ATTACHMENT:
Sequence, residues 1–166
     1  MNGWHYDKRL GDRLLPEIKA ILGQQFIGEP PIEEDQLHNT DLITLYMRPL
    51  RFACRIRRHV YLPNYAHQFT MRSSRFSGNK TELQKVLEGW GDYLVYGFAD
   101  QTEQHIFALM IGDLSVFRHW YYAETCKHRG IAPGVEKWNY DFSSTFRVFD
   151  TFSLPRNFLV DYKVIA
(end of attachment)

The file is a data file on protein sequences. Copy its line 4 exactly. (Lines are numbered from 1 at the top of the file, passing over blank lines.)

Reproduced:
   101  QTEQHIFALM IGDLSVFRHW YYAETCKHRG IAPGVEKWNY DFSSTFRVFD